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Bud regeneration from inflorescence explants for rapid propagation of geophytes in vitro
Year:
2000
Source of publication :
Plant Cell Reports
Authors :
Lilien-Kipnis, Hannah
;
.
Volume :
19
Co-Authors:
Ziv, M., Agricultural Botany and the Warburg Center for Biotechnology in Agriculture, Hebrew University of Jerusalem, Rehovot 76100, Israel
Lilien-Kipnis, H., Ornamental Horticulture Agricultural Research Organization, Bet-Dagan 50250, Israel
Facilitators :
From page:
845
To page:
850
(
Total pages:
6
)
Abstract:
Bulbs, corms and other subterranean storage organs are commonly used as explant source material for the establishment of geophytes in vitro. The inflorescence stalk was found to be a good alternative source of explants to overcome explant contamination originating from underground storage organs. Inflorescence explants of Allium, Dichelostemma, Eucrosia, Gladiolus, Haemanthus, Hyacinthus, Narcissus, Nerine and Ornithogalum were used to establish cultures in vitro. The regeneration potential of the inflorescence was compared with regeneration from bulb twin scales or from apical buds isolated from corms. Gladiolus (Iridaceae) explants isolated from the floral stem just below the expanding florets, still enclosed in the bracts, were highly regenerative in the presence of naphthalene acetic acid (NAA) and kinetin. In the presence of 2,4-dichlorophenoxyacetic acid and benzyl aminopurine (BA) in the medium, explants isolated from the tissue at the junction between the peduncle and the pedicels of a young Nerine (Amaryllidaceae) inflorescence regenerated several buds. The scapes of young unemerged inflorescences taken from sprouting bulbs of Narcissus (Amaryllidaceae), following a 15°C storage treatment, regenerated buds in the presence of NAA, BA, elevated phosphate and adenine sulfate in the medium. The number of buds regenerated depended on the location on the scape from which the explant was isolated, and on the duration of the 15°C treatment. In Allium (Alliaceae), capitulum tissue between the flower pedicels regenerated buds. Explants excised from the peduncle, as well as the pedicel-peduncle junction of Dichelostemma (Alliaceae), Ornithogalum, Hyacinthus (Hyacinthaceae) and Eucrosia (Amaryllidaceae) regenerated several buds in each type of explant. In the case of Haemanthus (Amaryllidaceae), pedicel-peduncle junction explants regenerated buds only when excised from inner whorl florets. Propagation protocols and the potential use of expediently isolated inflorescence explants for efficient micropropagation of geophytes are discussed.
Note:
Related Files :
adenine sulfate
Allium sativum
Bud regeneration
flowering
Gladiolus
Hyacinthus
Narcissus
Ornithogalum
Show More
Related Content
More details
DOI :
Article number:
Affiliations:
Database:
Scopus
Publication Type:
article
;
.
Language:
English
Editors' remarks:
ID:
31016
Last updated date:
02/03/2022 17:27
Creation date:
17/04/2018 00:59
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Scientific Publication
Bud regeneration from inflorescence explants for rapid propagation of geophytes in vitro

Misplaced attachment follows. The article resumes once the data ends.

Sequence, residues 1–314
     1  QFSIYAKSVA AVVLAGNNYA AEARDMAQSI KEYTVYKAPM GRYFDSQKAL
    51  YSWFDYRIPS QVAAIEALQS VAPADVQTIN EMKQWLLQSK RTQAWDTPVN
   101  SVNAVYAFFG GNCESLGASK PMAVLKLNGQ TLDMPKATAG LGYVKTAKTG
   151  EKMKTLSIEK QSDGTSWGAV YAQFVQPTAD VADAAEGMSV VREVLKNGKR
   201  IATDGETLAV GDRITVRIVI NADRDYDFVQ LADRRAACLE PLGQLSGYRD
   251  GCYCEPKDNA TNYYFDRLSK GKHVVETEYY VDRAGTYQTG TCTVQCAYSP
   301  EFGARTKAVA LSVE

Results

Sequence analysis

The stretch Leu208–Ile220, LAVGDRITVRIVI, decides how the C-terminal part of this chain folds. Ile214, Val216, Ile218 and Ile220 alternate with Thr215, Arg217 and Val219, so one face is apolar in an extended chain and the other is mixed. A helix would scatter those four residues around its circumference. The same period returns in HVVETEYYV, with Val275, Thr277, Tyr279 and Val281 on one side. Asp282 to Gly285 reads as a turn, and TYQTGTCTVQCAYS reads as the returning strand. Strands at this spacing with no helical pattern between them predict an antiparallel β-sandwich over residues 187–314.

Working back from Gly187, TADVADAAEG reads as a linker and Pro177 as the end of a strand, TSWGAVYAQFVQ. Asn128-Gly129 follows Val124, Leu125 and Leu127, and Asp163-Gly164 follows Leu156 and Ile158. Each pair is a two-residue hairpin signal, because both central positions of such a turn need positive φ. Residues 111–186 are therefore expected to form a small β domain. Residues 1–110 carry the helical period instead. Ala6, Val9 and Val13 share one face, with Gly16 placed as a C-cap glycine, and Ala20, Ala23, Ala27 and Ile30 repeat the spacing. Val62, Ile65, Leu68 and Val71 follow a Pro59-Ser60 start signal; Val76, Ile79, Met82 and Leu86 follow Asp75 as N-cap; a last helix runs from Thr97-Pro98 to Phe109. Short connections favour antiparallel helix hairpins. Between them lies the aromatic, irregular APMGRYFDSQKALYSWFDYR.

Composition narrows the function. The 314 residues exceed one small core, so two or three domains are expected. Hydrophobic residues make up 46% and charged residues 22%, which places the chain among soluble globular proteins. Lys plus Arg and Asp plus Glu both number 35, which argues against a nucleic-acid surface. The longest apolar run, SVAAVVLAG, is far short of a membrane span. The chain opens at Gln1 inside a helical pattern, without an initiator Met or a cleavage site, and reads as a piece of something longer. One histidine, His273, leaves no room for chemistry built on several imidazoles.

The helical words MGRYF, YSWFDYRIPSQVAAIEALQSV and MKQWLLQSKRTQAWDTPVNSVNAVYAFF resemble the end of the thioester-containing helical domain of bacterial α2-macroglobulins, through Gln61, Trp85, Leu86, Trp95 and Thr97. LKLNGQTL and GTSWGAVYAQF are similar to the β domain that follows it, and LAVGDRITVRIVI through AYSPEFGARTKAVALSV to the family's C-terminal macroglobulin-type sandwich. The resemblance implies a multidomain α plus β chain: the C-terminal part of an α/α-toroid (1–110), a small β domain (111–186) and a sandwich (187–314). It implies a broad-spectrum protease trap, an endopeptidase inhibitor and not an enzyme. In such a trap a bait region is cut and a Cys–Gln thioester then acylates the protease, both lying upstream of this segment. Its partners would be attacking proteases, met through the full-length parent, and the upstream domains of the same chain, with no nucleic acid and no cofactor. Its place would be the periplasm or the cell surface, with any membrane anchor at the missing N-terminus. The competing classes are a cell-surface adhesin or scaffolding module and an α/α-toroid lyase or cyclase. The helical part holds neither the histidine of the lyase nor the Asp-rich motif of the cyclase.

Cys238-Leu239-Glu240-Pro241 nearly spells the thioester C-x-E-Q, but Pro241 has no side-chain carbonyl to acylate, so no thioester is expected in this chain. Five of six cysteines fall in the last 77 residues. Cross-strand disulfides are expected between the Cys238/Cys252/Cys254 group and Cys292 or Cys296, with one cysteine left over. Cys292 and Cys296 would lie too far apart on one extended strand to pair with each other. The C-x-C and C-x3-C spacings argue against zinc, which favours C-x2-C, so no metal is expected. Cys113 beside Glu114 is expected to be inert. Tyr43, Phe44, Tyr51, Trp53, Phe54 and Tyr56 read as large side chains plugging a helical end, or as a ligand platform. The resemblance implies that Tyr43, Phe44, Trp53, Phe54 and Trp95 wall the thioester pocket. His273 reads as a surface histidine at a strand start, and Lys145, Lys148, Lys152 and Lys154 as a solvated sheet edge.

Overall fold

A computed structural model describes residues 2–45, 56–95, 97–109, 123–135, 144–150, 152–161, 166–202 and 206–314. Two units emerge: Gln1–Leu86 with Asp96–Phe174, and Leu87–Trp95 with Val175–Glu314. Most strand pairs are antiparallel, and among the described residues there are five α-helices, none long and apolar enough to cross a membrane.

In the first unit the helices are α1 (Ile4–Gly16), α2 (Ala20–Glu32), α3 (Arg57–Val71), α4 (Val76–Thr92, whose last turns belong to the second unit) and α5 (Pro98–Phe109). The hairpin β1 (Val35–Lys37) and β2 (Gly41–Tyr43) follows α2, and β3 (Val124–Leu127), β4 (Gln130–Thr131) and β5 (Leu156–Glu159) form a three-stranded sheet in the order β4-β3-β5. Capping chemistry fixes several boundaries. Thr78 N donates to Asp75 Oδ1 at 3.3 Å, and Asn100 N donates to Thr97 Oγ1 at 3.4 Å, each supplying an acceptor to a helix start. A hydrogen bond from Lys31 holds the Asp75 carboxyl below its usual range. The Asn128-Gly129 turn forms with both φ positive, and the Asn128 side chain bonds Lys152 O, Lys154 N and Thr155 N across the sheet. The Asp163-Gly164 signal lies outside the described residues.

19
Ziv, M., Agricultural Botany and the Warburg Center for Biotechnology in Agriculture, Hebrew University of Jerusalem, Rehovot 76100, Israel
Lilien-Kipnis, H., Ornamental Horticulture Agricultural Research Organization, Bet-Dagan 50250, Israel
Bud regeneration from inflorescence explants for rapid propagation of geophytes in vitro
Bulbs, corms and other subterranean storage organs are commonly used as explant source material for the establishment of geophytes in vitro. The inflorescence stalk was found to be a good alternative source of explants to overcome explant contamination originating from underground storage organs. Inflorescence explants of Allium, Dichelostemma, Eucrosia, Gladiolus, Haemanthus, Hyacinthus, Narcissus, Nerine and Ornithogalum were used to establish cultures in vitro. The regeneration potential of the inflorescence was compared with regeneration from bulb twin scales or from apical buds isolated from corms. Gladiolus (Iridaceae) explants isolated from the floral stem just below the expanding florets, still enclosed in the bracts, were highly regenerative in the presence of naphthalene acetic acid (NAA) and kinetin. In the presence of 2,4-dichlorophenoxyacetic acid and benzyl aminopurine (BA) in the medium, explants isolated from the tissue at the junction between the peduncle and the pedicels of a young Nerine (Amaryllidaceae) inflorescence regenerated several buds. The scapes of young unemerged inflorescences taken from sprouting bulbs of Narcissus (Amaryllidaceae), following a 15°C storage treatment, regenerated buds in the presence of NAA, BA, elevated phosphate and adenine sulfate in the medium. The number of buds regenerated depended on the location on the scape from which the explant was isolated, and on the duration of the 15°C treatment. In Allium (Alliaceae), capitulum tissue between the flower pedicels regenerated buds. Explants excised from the peduncle, as well as the pedicel-peduncle junction of Dichelostemma (Alliaceae), Ornithogalum, Hyacinthus (Hyacinthaceae) and Eucrosia (Amaryllidaceae) regenerated several buds in each type of explant. In the case of Haemanthus (Amaryllidaceae), pedicel-peduncle junction explants regenerated buds only when excised from inner whorl florets. Propagation protocols and the potential use of expediently isolated inflorescence explants for efficient micropropagation of geophytes are discussed.
Scientific Publication
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